10.  Trucks and Cars

Dump trucks, bulldozers and excavators are perfect for scooping and hauling snow.  And of course cars are necessary to reenact the massive traffic jams a good snowstorm brings on!

What are some of your favorite toys and props to encourage outdoor play in winter?

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Give the Gift of Wild Time

Have you heard about Project Wild Thing?  Based in England, it’s the brainchild of David Bond.  He was distressed at how different his children’s play lives were from his own, and wanted to find a way to market nature and outdoor play to children and their families.  The movement is based around a feature-length film, which you can view here.  I hope you’ll carve out some time to watch it … it’s truly inspiring.

As you wrap gifts and stuff stockings this Christmas, consider giving something that will cost you nothing but will mean the world to your kids … the gift of play time outdoors with you.  The Wild Time Gift Voucher is available as a free download on the Project Wild Thing website.  If you need a few ideas to get you started playing outdoors with your kids, download the free Wild Time App (available for iOS or Android).  Or check out our post about how to get around the most common outdoor play complaints.

Wild Time Gift Voucher

A gift that’s free, I don’t have to wrap, won’t need returned, gets us away from our screens AND makes my kids happy?  Sounds like a Christmas wish come true!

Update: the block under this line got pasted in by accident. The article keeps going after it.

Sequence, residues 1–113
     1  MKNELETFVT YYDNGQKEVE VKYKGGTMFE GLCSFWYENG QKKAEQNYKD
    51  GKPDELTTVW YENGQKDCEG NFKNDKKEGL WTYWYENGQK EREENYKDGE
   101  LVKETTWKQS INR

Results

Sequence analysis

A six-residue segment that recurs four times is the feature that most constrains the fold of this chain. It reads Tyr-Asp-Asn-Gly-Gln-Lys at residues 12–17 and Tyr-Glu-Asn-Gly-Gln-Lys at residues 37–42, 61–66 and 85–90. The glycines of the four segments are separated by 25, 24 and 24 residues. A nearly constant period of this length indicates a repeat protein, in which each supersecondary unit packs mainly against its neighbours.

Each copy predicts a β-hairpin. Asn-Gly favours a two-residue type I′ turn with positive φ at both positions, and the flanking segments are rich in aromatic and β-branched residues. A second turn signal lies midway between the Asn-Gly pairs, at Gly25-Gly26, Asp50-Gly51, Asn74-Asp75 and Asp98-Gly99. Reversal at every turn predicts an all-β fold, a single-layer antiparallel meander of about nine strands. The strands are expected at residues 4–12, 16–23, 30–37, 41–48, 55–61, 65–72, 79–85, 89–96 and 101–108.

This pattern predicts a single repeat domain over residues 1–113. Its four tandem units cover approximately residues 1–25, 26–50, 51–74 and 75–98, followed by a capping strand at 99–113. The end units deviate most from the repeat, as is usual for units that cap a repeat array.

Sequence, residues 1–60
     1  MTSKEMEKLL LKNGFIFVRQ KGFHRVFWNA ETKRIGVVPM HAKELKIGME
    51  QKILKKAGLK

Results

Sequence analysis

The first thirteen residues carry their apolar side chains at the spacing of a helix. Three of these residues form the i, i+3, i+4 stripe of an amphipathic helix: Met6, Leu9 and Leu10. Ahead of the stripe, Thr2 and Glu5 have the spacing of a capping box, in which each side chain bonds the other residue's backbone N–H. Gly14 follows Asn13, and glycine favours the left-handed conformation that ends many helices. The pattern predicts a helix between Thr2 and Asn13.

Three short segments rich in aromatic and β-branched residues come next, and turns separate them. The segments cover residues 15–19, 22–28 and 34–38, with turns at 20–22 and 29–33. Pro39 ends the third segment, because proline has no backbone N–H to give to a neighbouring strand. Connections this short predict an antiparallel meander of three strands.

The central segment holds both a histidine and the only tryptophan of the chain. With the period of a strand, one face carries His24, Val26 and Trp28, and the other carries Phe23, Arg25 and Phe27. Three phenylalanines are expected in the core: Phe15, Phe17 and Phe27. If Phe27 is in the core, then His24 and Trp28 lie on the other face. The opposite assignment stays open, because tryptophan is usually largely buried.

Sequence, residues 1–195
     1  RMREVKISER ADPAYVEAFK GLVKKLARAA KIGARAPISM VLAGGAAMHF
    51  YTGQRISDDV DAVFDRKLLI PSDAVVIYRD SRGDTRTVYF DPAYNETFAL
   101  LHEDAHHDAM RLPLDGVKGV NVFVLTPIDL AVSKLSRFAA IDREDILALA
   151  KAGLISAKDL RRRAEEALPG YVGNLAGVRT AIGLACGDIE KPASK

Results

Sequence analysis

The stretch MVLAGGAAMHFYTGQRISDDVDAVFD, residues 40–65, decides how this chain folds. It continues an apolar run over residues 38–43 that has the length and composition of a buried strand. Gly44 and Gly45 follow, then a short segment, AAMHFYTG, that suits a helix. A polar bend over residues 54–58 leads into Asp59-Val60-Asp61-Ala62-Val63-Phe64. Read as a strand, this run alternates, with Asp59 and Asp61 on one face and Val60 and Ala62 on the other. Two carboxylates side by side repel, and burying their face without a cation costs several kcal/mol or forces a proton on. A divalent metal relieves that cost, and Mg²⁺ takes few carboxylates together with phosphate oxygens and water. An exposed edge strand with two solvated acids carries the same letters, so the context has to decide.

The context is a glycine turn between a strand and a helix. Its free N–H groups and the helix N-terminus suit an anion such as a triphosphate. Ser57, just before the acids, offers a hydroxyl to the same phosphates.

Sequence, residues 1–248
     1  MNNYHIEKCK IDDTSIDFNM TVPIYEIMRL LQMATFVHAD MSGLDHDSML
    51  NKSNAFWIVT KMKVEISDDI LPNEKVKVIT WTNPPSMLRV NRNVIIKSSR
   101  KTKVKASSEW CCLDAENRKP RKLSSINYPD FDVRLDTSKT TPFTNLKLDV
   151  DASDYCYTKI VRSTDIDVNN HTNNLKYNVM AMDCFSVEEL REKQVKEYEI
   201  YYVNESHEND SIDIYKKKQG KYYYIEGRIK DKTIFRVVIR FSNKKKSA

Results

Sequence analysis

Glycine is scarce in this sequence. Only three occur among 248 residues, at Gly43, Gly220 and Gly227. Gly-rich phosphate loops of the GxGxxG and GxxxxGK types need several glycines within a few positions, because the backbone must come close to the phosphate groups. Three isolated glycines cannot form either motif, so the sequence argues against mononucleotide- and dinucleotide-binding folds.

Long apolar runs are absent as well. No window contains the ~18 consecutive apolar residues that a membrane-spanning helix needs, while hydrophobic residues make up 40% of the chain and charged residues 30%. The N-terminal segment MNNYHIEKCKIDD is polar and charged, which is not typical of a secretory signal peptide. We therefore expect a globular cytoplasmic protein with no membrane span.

This post is not sponsored or endorsed by Project Wild Thing.  I just love what they stand for and wanted to share it with you.


Our Tree Identification Project: Resources for Identifying Trees with Kids

We’re taking on a project – to identify every tree in our backyard!  You can read about the project here and here.

Tree Identification with Kids via The Risky Kids

We had a map of the yard, we had gathered leaves and nuts, now all that was left to do was to figure out what, exactly, we had!

Elena and I sat down one afternoon to do some research. I’d checked out just about every book available from the library to help us identify our trees, so we leafed through them (pun totally intended) and tried our hand at identification. A few lessons learned:

We quickly figured out which books were more user-friendly than others. I’m guessing this is very much a personal preference, depending on how you like to go about the process. In the end we decided that The Sibley Guide to Trees and 101 Trees of Indiana: A Fieldguide by Marion T. Jackson were our favorites. The Sibley book is very detailed, but easy to navigate for both adults and older children. I also think it’s helpful to have a book specific to your geographic location as well. And Trees (A Golden Nature Guide)? Honestly I just liked the nostalgic feel of it. It did help us with the more common trees, though.

Field Guides for Trees

Fall may not be the best time of year for this kind of project. Because we started late, many of the trees had lost their leaves already. Many of the leaves are compromised, too. We plan to pick the project back up where we left off in the spring, as a key identifier of many trees are the buds and blossoms.